Wednesday, October 17, 2007


There are times especially in trying circumstances, when yelling obscenities is the only means in which to vent one's frustrations. Frequently, the recipient of the obscenities can be an inanimate object, in which case it's merely a one-sided swearing situation with no one being hurt. Perhaps but not always.

Take the case of this woman who lives in Pennsylvania that is facing a jail sentence for shouting profanities at her over-flowing toilet. You read it right.

The female in question, one Dawn Herb, was in her own home in West Scranton when a neighbor who just happened to be a police officer by chance, heard her swearing through an open window. He responded by asking her to "keep it down" and when she continued her tirade, his police colleagues were called out and believe it or not, she was charged with disorderly conduct. She is now facing up to - wait for it - 90 days in jail and a fine of up to $300.

I mean - c'mon! Gimme a break! First of all the lady...female was in the privacy of her own home. It wasn't as if the recipient of her verbal abuse was alive or anything. We're talking here about a toilet that backed up with water over-flowing on to the floor! Logically and perhaps this is the wrong term to use in this case, who was hurt? More to the point did the swearing affect the flow of the water one way or the other?

I think not!

There is no information available as to the price of a plumber to fix the situation, which would be added to that of her fine. All-in-all, it must have been a very trying experience for her. There is also no information whether the errant toilet was bought on sale. Not that it makes any difference...

Writers & Friends

Friday, October 05, 2007


It brings a tear to the eyes - at least the prize handed out to Mayu Yamamoto, from Japan, who developed a method to extract vanilla fragrance and flavoring from cow dung. This is something the world has been waiting for!

The prize is among other - how shall we say - unusual awards known as the Ig Nobel Prize handed out by the Annals of Improbable Research in their ongoing quest to “celebrate the unusual, honor the imaginative — and spur people’s interest in science, medicine and technology.”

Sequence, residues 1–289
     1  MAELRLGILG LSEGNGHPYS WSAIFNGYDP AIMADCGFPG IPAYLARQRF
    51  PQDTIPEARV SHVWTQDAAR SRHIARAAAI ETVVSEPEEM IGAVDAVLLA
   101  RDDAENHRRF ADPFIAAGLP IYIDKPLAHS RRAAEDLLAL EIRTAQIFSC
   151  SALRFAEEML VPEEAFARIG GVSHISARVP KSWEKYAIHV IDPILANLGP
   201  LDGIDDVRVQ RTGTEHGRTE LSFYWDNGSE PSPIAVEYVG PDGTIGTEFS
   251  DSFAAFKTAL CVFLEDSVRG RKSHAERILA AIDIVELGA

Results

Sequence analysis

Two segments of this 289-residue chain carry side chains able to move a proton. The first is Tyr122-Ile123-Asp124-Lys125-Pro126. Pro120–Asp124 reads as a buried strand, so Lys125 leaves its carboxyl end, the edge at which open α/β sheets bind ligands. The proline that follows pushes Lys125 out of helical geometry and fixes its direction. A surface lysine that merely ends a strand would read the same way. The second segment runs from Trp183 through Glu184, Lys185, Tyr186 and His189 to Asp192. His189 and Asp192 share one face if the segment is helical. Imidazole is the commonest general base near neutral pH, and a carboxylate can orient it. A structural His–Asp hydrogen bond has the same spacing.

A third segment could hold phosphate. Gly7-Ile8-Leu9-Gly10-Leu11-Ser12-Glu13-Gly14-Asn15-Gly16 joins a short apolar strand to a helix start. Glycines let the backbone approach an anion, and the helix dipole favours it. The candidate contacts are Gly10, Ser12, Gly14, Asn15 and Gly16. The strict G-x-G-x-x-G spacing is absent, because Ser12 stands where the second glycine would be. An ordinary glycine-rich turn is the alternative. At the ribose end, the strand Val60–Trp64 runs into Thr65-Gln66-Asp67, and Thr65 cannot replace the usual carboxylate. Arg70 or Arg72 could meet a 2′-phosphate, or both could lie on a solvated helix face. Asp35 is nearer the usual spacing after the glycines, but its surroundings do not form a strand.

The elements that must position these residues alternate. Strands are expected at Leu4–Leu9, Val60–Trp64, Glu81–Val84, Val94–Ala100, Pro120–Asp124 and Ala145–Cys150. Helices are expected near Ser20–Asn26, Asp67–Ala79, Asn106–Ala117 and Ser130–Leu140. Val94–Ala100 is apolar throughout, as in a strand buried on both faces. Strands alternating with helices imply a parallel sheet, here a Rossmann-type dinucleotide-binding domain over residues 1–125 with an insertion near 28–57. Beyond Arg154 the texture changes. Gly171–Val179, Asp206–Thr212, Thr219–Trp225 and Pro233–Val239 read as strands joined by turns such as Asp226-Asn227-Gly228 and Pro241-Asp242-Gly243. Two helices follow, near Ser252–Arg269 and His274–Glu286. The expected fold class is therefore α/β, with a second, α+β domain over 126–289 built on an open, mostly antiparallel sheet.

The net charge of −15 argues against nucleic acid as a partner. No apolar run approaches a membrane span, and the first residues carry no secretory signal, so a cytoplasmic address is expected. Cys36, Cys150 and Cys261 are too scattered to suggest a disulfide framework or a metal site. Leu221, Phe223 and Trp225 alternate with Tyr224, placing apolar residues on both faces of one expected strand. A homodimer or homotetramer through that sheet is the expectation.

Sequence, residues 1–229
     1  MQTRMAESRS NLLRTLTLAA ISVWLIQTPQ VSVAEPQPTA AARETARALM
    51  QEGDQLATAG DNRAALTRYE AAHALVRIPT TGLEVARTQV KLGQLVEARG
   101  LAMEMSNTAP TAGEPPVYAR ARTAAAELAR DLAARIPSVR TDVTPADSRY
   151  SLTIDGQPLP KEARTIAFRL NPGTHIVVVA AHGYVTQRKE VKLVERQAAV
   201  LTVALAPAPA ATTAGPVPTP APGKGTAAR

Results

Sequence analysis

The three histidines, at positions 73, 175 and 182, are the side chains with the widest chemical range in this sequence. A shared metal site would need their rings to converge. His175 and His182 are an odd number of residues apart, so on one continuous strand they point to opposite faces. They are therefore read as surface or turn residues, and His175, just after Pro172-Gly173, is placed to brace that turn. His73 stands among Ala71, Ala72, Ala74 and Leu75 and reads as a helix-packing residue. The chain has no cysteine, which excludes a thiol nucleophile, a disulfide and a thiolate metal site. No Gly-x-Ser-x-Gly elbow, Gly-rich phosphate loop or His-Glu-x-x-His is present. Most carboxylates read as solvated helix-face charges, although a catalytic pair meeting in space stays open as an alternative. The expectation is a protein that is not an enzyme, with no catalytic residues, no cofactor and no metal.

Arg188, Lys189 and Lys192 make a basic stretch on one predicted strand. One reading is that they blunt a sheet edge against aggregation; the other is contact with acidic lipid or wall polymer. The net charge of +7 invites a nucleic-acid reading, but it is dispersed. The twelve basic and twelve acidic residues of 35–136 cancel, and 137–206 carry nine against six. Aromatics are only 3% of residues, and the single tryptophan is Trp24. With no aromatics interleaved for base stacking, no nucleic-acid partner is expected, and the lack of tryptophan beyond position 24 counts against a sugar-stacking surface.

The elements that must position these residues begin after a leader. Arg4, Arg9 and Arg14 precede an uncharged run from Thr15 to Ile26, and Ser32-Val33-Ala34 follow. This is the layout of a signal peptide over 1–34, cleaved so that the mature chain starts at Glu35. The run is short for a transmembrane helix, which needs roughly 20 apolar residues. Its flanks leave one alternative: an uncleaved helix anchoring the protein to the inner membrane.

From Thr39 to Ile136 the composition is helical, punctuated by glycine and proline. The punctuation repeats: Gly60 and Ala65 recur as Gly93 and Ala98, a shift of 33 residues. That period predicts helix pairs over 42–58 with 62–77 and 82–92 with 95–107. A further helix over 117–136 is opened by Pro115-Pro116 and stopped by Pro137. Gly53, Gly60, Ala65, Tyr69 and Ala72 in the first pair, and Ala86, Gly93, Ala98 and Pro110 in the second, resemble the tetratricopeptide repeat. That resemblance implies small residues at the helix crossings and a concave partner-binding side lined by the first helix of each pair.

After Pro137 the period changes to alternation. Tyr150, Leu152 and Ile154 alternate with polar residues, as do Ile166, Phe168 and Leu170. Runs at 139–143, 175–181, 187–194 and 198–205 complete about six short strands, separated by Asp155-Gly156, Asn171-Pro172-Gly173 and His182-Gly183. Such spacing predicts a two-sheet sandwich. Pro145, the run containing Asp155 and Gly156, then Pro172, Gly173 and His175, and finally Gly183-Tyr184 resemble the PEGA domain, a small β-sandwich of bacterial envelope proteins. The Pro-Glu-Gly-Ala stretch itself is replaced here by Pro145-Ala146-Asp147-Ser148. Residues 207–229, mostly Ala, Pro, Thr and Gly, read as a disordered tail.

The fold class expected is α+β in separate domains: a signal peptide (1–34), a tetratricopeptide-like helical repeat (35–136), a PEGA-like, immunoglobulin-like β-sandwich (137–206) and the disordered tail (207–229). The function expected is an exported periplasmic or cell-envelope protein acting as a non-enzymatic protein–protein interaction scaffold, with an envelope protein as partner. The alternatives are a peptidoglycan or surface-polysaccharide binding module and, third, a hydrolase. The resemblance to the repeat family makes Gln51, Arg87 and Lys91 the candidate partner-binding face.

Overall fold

O-kay. We'll drink to that. Actually, maybe not.

Among the other prize winners was a team at Quilmes National University in Argentina, who took home the honors in the aviation category for finding that - wait for it - hamsters given Viagra needed 50% less time to recover from a six-hour time zone change. This vital information should be of great interest to rodents that fly the friendly skies. I mean...really.

In the medical sphere, the prize for medicine went to radiologist Brian Witcombe at Gloucestershire Royal NHS foundation trust for his study of the vocational risks of sword swallowing Moreover, “sore throats - ’sword throats’ - occur when swallowers are learning, when performances are repeated frequently, or when odd-shaped or multiple swords are used,” he concluded. This conclusion is all the more interesting given the means in which they arrived at this. Who were the subjects and what were they given to partake in this experiment? Equally fascinating, are they still alive and what did they do with the leftover swords?

Juan Manuel Toro, Josep Trobalon and Núria Sebastián-Gallés, of Barcelona University, collected the linguistics Ig Nobel for showing that rats sometimes cannot tell the difference between a person speaking Japanese backwards and a person speaking Dutch backwards (but only sometimes!). Now this begs the question as to how the researchers actually found rats that understood Japanese AND Dutch and then determining if they could distinguish the difference when speaking Japanese and Dutch backwards/forwards... Oh who cares anyway!

Back state-side, the U.S. Air Force’s Wright Laboratory in Ohio took the peace prize for its 1994 research into a “gay bomb” that could deploy a chemical substance that would turn the enemy’s front lines into an orgy. Unlike most of the other winners, no one from the lab showed up for the presentation. Perhaps they were other-wise occupied one ponders?

The Biology honors went to Dr. Johanna van Bronswijk of the Netherlands for carrying out a census of all of the mites, insects, spiders, ferns and fungi that share our beds. No mention of numbers acquired in the mite research, which could be a good or bad sign. Then again there could have been duplication given their propensity to jump around. Was this research conducted world-wide or locally?

Now in as far as Economics go, here is something that has some merit or at least logic. Kuo Cheng Hsieh of Taiwan presumably patented a device that can catch bank robbers by dropping a net over them. Oh the inventiveness of this device!

Can't wait for next year's prizes. Got any ideas?

Writers & Friends